After four years of turbulent discussions and 1,400 pages of complex provisions, the EU and the UK (the “Parties”) signed the Trade and Cooperation Agreement (TCA) on 24 December 2020. Now that the much-feared risk of a no-deal Brexit seems to have been avoided, it could be high time to start digging into the details of the TCA and critically assess whether it is an effective and all-encompassing regulation or just a “platform” created in view of future negotiations and developments in the EU/UK (trading) relationships.
Eva Pander Maat
The Trade and Cooperation Agreement (TCA), concluded on Christmas Eve 2020 between the EU and the UK, is a unique trade agreement in that its objective is divergence, instead of convergence. It represents the culmination, but by no means the end of four years of Brexit turmoil. To what extent such turmoil will continue to dominate EU-UK relations will partly depend on the extent to which Parties use the TCA as a floor or a ceiling.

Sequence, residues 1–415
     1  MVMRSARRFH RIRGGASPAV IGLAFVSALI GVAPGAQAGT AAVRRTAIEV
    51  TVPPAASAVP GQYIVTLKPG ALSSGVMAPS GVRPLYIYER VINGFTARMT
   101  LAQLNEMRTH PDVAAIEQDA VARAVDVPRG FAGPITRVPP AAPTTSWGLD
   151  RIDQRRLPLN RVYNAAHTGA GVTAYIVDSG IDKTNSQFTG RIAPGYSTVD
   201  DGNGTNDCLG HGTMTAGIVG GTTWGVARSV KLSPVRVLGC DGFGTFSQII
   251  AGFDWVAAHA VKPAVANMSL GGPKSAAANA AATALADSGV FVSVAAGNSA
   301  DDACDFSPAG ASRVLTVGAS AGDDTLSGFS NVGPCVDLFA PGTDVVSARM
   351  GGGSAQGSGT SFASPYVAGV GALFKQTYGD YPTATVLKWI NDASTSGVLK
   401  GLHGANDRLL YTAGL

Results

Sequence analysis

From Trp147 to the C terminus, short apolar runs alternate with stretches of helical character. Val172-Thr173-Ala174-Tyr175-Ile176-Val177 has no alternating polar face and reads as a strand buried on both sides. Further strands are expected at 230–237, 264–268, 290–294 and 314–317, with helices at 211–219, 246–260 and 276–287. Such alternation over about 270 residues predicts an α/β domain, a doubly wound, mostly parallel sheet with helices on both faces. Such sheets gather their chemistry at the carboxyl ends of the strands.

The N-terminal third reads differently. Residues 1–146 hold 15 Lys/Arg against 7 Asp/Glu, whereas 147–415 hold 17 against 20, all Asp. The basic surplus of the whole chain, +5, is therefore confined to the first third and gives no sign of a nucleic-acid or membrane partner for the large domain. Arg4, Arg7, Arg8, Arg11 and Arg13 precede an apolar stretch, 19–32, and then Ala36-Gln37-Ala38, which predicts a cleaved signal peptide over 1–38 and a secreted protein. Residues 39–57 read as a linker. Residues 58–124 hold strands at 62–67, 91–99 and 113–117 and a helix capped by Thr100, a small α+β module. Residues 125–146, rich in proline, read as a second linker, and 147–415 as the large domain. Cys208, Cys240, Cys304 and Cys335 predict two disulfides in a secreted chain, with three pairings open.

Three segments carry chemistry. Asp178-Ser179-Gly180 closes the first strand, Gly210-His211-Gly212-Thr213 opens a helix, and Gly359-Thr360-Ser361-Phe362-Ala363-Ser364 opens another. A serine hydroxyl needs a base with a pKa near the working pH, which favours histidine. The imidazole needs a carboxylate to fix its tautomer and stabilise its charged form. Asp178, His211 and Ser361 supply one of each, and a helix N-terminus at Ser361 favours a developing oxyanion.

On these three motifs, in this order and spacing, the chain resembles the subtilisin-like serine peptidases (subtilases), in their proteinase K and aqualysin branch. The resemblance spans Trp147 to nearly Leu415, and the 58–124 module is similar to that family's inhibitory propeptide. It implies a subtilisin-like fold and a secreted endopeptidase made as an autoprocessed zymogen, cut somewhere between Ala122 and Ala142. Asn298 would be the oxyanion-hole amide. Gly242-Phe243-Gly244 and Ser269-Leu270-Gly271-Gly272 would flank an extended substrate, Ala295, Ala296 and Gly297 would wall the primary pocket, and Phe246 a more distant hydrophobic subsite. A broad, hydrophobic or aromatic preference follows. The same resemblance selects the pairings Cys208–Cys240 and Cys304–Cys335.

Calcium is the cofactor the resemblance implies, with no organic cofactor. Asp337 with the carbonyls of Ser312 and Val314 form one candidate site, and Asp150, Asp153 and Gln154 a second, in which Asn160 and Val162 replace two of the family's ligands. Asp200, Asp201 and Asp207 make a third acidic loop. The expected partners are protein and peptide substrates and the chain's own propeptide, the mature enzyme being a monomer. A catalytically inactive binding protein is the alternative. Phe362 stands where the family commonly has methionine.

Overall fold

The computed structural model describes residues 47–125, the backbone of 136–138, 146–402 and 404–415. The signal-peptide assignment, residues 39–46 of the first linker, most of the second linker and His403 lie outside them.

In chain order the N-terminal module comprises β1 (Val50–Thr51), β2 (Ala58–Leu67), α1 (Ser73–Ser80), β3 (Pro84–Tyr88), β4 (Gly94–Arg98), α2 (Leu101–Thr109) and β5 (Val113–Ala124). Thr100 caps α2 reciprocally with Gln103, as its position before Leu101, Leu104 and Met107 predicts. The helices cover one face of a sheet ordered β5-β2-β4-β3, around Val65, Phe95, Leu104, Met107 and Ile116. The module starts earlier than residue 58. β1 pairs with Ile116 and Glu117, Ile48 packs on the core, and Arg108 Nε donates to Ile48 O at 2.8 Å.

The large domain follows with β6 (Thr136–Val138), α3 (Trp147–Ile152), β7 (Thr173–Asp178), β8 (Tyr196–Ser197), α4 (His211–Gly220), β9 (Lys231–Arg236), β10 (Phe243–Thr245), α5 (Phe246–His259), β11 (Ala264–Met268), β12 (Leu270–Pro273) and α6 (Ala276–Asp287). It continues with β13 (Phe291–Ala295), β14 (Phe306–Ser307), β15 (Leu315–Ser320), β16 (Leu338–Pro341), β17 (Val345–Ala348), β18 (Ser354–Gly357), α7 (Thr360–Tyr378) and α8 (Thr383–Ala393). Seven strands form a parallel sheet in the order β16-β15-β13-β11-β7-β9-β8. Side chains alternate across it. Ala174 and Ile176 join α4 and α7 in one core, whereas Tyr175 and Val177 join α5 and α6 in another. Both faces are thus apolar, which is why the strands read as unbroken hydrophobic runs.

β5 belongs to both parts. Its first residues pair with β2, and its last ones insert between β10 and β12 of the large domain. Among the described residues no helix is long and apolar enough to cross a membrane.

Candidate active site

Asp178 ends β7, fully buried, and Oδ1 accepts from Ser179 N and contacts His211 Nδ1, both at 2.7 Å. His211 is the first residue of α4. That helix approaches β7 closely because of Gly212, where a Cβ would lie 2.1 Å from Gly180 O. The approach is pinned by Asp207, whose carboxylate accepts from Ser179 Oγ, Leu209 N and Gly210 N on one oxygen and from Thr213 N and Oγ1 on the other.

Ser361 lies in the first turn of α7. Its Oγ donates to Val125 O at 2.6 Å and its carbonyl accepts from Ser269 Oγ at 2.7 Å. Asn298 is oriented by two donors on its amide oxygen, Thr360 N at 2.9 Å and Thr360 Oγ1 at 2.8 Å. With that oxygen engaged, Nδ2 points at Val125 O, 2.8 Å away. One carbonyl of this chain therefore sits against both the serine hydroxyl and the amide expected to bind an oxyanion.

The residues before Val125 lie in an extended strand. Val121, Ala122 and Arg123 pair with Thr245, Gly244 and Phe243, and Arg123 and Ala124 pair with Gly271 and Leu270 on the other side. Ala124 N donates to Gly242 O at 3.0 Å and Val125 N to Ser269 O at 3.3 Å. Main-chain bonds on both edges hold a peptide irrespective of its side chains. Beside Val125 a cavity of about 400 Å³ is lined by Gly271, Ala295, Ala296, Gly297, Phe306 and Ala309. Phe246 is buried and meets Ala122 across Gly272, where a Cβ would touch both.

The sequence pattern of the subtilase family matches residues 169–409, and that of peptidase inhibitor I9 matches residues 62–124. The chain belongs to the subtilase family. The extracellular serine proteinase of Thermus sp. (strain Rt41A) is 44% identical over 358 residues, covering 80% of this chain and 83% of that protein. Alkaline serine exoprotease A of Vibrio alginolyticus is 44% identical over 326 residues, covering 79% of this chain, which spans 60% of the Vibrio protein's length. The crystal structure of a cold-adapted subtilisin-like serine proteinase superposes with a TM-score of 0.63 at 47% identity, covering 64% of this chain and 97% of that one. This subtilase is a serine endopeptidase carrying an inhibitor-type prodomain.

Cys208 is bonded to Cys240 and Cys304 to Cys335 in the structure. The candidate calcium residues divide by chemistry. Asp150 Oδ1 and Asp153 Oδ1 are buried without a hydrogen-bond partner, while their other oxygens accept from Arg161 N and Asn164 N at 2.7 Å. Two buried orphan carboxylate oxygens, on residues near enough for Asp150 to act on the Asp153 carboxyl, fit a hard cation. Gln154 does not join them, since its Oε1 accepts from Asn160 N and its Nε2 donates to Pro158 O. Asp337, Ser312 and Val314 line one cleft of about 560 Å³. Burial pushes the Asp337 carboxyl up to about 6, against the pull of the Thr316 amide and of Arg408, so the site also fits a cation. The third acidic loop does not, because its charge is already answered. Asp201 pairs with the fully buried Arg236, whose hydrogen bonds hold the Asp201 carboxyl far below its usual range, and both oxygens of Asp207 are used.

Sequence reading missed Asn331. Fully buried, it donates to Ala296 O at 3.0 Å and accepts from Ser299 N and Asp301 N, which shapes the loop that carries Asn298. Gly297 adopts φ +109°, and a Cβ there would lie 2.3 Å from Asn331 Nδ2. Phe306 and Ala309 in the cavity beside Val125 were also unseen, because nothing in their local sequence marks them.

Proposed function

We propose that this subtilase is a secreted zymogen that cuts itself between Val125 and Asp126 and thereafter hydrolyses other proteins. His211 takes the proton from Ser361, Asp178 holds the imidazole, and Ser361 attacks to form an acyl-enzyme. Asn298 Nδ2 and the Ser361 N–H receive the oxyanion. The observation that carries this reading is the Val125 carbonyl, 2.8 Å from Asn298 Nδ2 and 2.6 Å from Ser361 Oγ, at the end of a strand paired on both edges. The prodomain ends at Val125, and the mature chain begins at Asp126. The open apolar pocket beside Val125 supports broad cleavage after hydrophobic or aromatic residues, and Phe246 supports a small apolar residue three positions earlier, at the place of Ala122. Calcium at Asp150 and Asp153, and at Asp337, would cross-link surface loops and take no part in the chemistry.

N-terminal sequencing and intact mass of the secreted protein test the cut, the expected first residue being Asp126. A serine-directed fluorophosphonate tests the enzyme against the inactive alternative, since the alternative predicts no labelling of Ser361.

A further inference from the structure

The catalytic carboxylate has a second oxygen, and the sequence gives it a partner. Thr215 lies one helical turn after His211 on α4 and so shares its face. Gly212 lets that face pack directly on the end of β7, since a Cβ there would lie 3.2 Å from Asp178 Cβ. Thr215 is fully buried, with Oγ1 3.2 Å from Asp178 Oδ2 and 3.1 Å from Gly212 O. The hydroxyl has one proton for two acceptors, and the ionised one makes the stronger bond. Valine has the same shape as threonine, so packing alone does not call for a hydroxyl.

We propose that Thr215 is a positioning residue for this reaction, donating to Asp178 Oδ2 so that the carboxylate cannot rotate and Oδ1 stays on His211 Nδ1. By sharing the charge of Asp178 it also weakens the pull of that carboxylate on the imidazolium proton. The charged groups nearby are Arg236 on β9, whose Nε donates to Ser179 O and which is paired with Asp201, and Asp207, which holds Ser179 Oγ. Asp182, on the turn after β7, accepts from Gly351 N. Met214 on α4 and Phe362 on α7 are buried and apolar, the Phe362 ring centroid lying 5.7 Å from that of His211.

To help comprehend the 1,400 page Agreement, five experts provided their guidance to the TCA in the Webinar ‘The UK & the EU Relationship: What Next?’ on January 27, 2021. This event was the first in a promising cooperation between the Jean Monnet Chair in EU Law, City, University of London and the Senior European Experts Group (SEE). The event was moderated by Sir Alan Dashwood, barrister and Professor Emeritus of European Law at University of Cambridge and Professor Emeritus of Law at City, University of London. This blog post revisits key points raised during the Webinar and summarizes its conclusions. Drawing on the expertise and experience of the experts, the blog post discusses five different aspects of the TCA: respectively, the legal aspects, trade and internal market regulation, agriculture and fisheries, the EU perspective and the political dimension.